This difference can be clearly seen if we rephrase each statement in the form of an If/Then proposition. When we transform the statement “low risk/low return” in this way, it becomes “If I take low risk, I will receive low return,” which is essentially true. However, if we transform the statement “high risk/high return” in the same way, it becomes “If I take high risk, I will receive high return,” which is clearly not the case. This is not the case because of the nature of high risk, which means that the returns will have a high variance, so that we would need to transform this statement to say:  “If I take high risk, I may receive high return, low return or no return at all.”  However, a more meaningful transformation would be:  “If I want to receive high return; I must take high risk.”  This is true because as much as we might wish that there were, there are for all practical intents and purposes, no low risk/high return investments.   

Why are there no low risk/high return investments?

How many people have ever found coins in the street? Almost everyone. How many people have ever found a $100 bill in the street? 100_ncd_face.jpg

I have asked this question of several thousand people, and only one or two have ever found one (or the equivalent amount note in another currency).  Why is it that you are likely to have found coins in the street but you have not found a $100 bill?  At first you might think it is because people are very careful with their $100 bills and do not drop them in the street, but are careless with their coins.  This is true and the supply of $100 bills in the street is therefore extremely low.  But since some people have actually found these $100 bills, they do exist in the street from time to time, but chances are you still haven’t found them.  The reason that you haven’t found them is that on the rare occasions that they do appear on the street, someone else always finds them first.  Finding a $100 bill in the street is a low risk/high return opportunity.  Like all low-risk/high-return opportunities, if they do appear for a fleeting moment, they are immediately erased by market forces (in this case the market forces are people picking up the bills as soon as they appear).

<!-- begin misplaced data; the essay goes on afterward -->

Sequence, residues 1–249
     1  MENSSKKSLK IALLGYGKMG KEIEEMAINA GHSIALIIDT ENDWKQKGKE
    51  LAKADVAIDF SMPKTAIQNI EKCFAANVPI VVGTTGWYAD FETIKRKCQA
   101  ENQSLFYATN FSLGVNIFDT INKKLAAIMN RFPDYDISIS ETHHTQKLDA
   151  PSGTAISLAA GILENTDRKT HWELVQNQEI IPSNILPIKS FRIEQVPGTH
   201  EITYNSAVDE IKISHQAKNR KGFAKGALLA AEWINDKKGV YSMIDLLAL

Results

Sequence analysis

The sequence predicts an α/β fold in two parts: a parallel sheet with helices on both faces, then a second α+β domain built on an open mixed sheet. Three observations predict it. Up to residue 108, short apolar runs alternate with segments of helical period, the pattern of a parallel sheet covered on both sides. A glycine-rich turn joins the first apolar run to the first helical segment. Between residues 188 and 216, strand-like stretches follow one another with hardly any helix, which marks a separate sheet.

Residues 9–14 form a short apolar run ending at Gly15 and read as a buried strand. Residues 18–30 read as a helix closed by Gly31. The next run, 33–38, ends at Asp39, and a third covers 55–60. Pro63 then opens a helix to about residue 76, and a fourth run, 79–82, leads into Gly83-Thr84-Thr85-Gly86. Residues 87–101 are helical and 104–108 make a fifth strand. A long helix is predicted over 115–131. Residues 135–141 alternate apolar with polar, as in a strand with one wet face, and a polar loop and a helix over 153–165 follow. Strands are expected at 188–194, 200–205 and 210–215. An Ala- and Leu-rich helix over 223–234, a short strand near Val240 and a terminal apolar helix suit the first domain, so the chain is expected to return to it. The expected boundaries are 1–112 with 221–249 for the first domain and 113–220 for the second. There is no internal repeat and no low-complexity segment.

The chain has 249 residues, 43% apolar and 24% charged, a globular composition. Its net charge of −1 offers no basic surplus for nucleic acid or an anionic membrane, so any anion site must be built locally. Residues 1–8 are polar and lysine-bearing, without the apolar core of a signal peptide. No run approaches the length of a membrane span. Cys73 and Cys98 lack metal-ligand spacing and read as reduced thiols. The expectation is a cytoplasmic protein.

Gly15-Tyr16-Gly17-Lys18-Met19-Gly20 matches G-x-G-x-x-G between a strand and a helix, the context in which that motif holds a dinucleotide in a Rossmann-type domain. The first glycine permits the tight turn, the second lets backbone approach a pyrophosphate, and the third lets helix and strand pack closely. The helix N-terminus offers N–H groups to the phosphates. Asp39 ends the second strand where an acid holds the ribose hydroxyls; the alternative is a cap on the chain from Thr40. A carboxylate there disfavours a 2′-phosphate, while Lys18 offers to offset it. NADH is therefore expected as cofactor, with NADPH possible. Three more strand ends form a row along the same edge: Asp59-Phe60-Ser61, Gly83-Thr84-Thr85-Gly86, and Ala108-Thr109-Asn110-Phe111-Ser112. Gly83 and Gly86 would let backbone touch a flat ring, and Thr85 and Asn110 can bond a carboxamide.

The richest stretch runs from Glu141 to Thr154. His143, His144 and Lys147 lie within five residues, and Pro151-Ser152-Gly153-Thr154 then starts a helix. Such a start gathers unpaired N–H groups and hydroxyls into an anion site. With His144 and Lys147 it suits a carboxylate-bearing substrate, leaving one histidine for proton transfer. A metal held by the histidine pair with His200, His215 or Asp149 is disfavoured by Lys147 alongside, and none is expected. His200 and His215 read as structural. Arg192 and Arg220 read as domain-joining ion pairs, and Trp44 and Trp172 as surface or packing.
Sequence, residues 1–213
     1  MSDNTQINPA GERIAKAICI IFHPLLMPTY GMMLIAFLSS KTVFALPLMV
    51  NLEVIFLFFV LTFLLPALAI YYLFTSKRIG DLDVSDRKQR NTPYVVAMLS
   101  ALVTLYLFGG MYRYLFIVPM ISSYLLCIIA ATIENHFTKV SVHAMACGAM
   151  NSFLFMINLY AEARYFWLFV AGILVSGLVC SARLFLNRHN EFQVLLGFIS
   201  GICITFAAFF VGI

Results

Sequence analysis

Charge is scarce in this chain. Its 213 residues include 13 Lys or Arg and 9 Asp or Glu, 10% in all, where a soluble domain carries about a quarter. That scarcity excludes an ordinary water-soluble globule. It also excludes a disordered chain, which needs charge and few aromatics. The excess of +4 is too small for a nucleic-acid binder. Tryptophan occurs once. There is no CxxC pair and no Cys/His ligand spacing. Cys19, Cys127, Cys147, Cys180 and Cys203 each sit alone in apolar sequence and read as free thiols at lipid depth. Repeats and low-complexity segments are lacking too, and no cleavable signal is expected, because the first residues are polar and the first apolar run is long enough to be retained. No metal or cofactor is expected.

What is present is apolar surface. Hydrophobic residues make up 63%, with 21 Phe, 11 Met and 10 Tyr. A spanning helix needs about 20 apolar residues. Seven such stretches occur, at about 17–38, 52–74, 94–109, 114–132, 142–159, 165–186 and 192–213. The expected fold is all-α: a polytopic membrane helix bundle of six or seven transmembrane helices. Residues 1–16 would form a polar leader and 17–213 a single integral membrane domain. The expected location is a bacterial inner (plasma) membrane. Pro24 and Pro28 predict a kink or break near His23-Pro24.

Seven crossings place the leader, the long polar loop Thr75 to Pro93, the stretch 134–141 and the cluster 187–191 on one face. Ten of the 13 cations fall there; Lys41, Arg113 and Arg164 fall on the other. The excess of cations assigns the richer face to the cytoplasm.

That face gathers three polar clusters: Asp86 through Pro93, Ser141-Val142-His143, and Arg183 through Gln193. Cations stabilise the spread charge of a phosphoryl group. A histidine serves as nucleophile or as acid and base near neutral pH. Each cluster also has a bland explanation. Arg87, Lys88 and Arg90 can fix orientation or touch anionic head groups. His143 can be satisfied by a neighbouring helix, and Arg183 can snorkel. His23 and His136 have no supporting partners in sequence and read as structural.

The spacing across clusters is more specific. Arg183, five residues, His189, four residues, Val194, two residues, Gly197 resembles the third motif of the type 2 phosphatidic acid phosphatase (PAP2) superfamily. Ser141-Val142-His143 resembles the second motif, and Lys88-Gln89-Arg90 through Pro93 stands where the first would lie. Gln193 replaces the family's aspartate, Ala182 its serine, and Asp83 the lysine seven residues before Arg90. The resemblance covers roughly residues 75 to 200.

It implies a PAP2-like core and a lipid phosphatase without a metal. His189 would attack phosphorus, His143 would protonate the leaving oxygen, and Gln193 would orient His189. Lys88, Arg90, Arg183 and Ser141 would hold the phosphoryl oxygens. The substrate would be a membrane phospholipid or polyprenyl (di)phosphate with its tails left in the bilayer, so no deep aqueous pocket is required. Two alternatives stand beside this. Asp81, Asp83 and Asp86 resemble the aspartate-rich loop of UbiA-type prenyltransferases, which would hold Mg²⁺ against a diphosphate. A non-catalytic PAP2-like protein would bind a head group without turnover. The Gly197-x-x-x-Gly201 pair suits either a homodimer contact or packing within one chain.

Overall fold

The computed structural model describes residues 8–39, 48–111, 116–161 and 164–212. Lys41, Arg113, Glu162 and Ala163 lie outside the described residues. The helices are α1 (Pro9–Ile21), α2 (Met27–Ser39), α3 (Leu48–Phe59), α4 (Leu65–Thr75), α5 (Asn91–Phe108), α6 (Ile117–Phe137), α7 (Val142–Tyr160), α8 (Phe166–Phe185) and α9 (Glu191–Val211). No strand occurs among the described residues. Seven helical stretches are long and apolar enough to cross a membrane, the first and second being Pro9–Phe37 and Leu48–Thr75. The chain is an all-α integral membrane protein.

In an investment market, the mechanism would be more complicated but the end result would be the same.  Take for example, an investment in a particular company that was mis-priced so that the return on the investment was not correlated with the risk of the investment; the return was too high relative to the risk of the investment.  The result would be that investors would flood into this investment.  In an investment market, investors are selling capital and investees are buying capital.  The return that the company is paying to its investors is the cost of capital for the company and the price at which the investors are selling their capital.  If a company is paying too high a price for their capital (i.e. offering a return that is too high), many investors will be willing to sell them capital at that price.  The supply of investment capital for the company will increase.  Assuming that the company’s demand for capital does not increase at the same rate, the price that the company is willing to pay for their capital will decline, as this is a cost from the company’s perspective.  Lowering the price they are paying for capital means that from the investor perspective, the return on the investment will be decreasing.  This will continue until the investment’s return is correlated with its risk.  The forces of supply and demand act inexorably to enforce the correlation between risk and return.  Another low risk/high return investment will have disappeared. 

This correlation between risk and return and the consequences of this correlation are the fundamental driving forces behind venture capital.  Since chasing low-risk/high return opportunities is a losing proposition, investors seeking high returns must take high risk.  For almost all time horizons in the last 20 years, venture capital has been the highest returning asset class available to investors, outperforming the public equities markets by a wide margin.  Within the venture capital market itself, early stage venture capital investments which are more risky have consistently yielded higher returns than later stage venture capital. As long as the relationship between risk and return continues to be enforced by the laws of supply and demand, there will continue to be demand for venture capital investment by investors seeking the highest possible returns.

Venture Capital